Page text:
1. In summary, as Mr Harborough explains, UDC is astonished that the proposed ECA is such a damp squib. As presently proposed, it fails entirely to live up to the promise of the mechanism foreshadowed in the ATPR and indeed is manifestly inconsistent in its scope with what was promised in the ATPR. No doubt other consultees will express similar views and it remains to be seen whether ECA will be taken forward in the manner presently proposed. We do, however, note the passages in the consultation document which could almost be directed at this inquiry, perhaps prompted by fears that any meaningful grappling with climate change impacts might be inconvenient for the delivery of G1 and similar proposals.
  1. Having decided in the ATWP that 95% of unconstrained demand right up to 2030 should be provided for [for figures see ATPR CD/88, paras. 4.10 and 4.11: 465/490mppa x 100], it is difficult to see what decisions on further “major increases” could possibly be contemplated on which ECA could meaningfully bite, if its operation is to be confined to a national level.
  1. Inevitably, this issue cannot be resolved at the present time, but may need to be the subject of separate submissions direct to the SoS when the consultation on ECA is concluded and the proposals are taken forward in the light of the responses received.


  1. Of course, it would be normal to address the development plan first at this stage, given its statutory primacy, but it is convenient to begin with our submissions on the ATWP.

Role of the ATWP

  1. It is axiomatic that the ATWP only has a role within the law. It is necessary to remark that it has no statutory basis whatsoever. It is a statement of policy formulated by Ministers advised by their civil servants on the basis (in this case) of a series of largely desk-top studies and a round of public consultation.
  1. A WP cannot modify or interfere with the operation of statutory processes without legislation being taken through Parliament to achieve this end. Of course, no such course was followed here. Additionally, there is plainly a recognition in the Planning White Paper [CD/376] that the authority of a WP which is a vehicle for a national policy statement is weakened by the absence of Parliamentary scrutiny (and SEA) – as was the case with the ATWP.
  1. Thus the ATWP has no role in pronouncing on development control decisions. If it were to, then the statutory Town and Country Planning and EIA processes would have been bypassed in an unlawful way. This was expressly acknowledged by Mr Michael Ash in his witness statement as Chief Planner at the ODPM served on behalf of the SoSfT in the Wandsworth case [2005] EWHC 20 (Admin) [CD/342] recorded at para.56 by Sullivan J:

“It is important to recognise that statements of policy (whether at national or regional levels) cannot pre-empt a decision on an application for planning permission.”

20. Additionally, Sullivan J records at para.224 the understanding of Government (expressed by Leading Counsel) that it would be both “possible and legitimate”

to argue at inquiry that the impacts of a proposal (in this case a wide-spaced second runway at Stansted) were such that planning permission therefore should be refused, “notwithstanding the fact that refusal would frustrate national policy”. This concession can only have been made on instructions and provides a valuable insight into the SoSfT’s own understanding of the role and status of the ATWP. The fact that this submission was not enough to prevent Sullivan J from ruling para.11.40 of the ATWP unlawful is immaterial.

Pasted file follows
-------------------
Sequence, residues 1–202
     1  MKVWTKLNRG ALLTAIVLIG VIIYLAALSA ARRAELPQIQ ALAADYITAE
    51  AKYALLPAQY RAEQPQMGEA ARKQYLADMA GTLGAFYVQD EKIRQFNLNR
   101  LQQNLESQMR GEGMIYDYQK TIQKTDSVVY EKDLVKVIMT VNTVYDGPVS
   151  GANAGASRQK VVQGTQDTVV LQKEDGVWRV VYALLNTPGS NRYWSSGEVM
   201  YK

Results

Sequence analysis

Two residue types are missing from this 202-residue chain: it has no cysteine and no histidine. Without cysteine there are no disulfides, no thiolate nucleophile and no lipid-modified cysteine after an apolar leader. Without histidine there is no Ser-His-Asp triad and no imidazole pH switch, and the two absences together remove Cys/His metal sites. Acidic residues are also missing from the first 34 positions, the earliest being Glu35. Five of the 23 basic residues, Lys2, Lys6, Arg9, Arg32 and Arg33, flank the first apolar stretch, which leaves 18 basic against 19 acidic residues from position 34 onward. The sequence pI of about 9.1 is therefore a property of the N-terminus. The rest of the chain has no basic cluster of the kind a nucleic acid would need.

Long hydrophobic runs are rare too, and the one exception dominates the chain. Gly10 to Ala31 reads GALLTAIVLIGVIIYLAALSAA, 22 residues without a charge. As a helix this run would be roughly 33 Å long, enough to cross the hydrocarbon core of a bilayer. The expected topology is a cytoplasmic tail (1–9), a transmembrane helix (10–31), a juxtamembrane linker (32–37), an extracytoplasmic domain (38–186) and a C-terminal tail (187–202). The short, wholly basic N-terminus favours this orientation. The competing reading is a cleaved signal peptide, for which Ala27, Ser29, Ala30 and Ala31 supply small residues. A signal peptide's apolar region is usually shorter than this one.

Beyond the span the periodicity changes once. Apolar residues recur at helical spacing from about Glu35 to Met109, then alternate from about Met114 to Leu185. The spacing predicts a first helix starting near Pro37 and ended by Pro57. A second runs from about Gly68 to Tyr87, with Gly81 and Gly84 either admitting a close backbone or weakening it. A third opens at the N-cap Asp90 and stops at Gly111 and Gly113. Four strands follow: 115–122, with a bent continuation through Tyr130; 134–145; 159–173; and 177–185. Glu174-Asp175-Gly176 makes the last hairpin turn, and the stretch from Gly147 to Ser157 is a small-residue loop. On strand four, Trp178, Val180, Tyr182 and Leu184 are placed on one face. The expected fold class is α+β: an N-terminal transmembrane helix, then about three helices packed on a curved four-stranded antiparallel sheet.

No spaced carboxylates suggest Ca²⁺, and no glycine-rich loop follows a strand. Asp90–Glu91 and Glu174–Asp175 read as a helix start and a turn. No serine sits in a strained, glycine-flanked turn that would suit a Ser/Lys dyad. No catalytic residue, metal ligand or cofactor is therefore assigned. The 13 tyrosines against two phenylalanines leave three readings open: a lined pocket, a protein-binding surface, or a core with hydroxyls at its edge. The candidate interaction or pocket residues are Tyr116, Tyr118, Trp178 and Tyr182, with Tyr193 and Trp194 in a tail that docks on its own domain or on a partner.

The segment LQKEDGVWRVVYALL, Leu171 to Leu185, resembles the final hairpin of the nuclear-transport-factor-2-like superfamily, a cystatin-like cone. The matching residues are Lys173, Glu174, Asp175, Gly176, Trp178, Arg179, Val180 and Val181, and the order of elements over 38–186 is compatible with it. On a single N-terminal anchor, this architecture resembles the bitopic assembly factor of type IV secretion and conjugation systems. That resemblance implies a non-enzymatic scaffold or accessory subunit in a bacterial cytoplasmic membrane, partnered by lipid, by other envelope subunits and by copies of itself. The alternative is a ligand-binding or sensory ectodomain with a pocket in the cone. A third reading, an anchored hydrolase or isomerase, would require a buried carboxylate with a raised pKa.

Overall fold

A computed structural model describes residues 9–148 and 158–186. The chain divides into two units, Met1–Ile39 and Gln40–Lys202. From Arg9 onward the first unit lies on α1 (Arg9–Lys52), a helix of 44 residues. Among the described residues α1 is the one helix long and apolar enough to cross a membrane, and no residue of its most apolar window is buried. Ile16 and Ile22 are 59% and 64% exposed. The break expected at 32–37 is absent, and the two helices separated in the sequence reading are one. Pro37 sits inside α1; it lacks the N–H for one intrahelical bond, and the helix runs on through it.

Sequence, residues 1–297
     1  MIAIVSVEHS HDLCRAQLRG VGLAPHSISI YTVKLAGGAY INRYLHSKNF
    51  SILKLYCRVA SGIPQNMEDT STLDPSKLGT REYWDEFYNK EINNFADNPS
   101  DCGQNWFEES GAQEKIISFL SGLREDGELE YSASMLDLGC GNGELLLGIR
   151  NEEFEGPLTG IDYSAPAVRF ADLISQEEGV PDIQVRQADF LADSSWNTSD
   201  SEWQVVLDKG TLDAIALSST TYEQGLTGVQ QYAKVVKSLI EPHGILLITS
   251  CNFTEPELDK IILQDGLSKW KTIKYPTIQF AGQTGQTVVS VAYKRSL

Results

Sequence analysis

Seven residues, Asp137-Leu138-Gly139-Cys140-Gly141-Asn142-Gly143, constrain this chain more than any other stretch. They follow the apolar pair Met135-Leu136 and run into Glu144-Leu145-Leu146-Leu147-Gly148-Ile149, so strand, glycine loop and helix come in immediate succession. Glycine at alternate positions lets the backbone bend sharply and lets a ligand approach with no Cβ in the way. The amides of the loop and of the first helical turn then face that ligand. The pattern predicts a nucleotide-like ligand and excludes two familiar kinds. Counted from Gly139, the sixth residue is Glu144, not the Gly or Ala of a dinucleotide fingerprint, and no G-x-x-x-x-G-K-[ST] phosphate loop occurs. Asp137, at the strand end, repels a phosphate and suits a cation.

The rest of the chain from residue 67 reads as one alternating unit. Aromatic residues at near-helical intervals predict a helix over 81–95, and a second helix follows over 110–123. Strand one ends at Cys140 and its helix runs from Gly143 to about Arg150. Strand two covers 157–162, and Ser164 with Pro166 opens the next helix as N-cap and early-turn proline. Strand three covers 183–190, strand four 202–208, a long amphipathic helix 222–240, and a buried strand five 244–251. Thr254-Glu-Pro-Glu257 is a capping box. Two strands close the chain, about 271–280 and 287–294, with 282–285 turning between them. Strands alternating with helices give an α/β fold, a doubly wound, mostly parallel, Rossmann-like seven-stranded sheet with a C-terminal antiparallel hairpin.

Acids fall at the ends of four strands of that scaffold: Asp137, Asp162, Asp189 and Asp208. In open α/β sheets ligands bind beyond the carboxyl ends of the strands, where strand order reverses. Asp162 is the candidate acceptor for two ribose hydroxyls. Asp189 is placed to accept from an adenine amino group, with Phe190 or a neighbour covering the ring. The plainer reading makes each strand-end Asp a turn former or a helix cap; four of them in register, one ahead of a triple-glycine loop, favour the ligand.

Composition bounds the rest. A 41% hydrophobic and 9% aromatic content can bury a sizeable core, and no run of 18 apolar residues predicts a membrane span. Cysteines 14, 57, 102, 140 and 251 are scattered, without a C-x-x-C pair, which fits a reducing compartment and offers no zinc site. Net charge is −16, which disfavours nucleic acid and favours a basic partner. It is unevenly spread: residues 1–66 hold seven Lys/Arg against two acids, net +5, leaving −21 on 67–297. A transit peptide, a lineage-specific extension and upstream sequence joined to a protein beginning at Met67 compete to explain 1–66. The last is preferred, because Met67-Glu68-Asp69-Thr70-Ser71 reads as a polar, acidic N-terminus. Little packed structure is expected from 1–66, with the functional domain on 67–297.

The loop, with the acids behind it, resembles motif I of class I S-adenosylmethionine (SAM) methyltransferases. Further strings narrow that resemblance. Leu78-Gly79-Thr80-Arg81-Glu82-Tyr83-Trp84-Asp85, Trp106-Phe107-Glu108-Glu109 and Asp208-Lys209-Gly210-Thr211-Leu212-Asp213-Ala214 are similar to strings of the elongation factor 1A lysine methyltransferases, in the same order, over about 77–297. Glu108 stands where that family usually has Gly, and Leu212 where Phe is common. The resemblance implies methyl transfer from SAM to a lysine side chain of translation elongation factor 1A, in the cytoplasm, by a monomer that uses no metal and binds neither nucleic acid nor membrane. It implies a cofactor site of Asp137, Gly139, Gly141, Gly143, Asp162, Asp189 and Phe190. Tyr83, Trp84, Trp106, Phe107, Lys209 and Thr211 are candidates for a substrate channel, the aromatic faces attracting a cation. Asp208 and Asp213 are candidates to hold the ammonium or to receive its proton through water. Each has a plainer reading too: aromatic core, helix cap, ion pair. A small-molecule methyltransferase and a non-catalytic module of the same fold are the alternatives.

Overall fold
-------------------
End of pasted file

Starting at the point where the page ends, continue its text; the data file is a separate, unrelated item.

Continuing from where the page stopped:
21. It was because the ATWP expressly overreached itself at para.11.40 in pronouncing in respect of Stansted that “the new runway would be the wide-spaced runway option presented…. on the map below” that the Court found that passage to be unlawful. Had the ATWP expressed more than in principle support for maximum use of the London airport runways, then that too would no doubt have been the subject of legal challenge, I submit with a similar result guaranteed.

What, then, does the ATWP settle?

22. It is submitted that, properly construed, the ATWP settled the following issues:

i. the level of unconstrained demand for air travel which the Government is prepared to see met: as set out above, this is confirmed in the ATPR [CD/88] at paras.4.10 and 4.11 as 95% of unconstrained demand (465/490 X 100); thus the Government has effectively committed itself to a policy of “predict and provide” for air travel – less 5%; and

ii. the ways in which the Government would be “willing to contemplate” new capacity coming forward over the next 30 years…. “subject to the land use planning system”: see purpose of ATWP as set out in Consultation Document [CD/113, para.1.5].

23. It will be noted that UDC has not sought to reopen these areas in evidence to the inquiry.

What is not settled by the ATWP?

24. Plainly the TC&P and EIA regimes are unaffected in their operation, but we are fortunate in having express confirmation from the Government as two areas, which are not intended to be “settled” by the ATWP:

i. the economic and environmental impact of a specific development: see Statement of Yvette Cooper to the House of Commons 19th April, 2004 [Hansard extract CD/381, last para.] . Thus it is necessary to examine, for example, the specific economic benefits which are said to arise from a proposal; it will not be enough to rely upon the broad proposition that “airports are good for you”.

ii. the need for any individual proposed development – to be considered in the context of what is said about need in the ATWP: this is confirmed by Mr Ash in his Witness Statement (see above) [CD/382, para.7.17] . It is submitted that in order to balance need with other relevant factors, it is inevitable that the decision-maker must analyse and accord weight to the specific case for any given proposed development.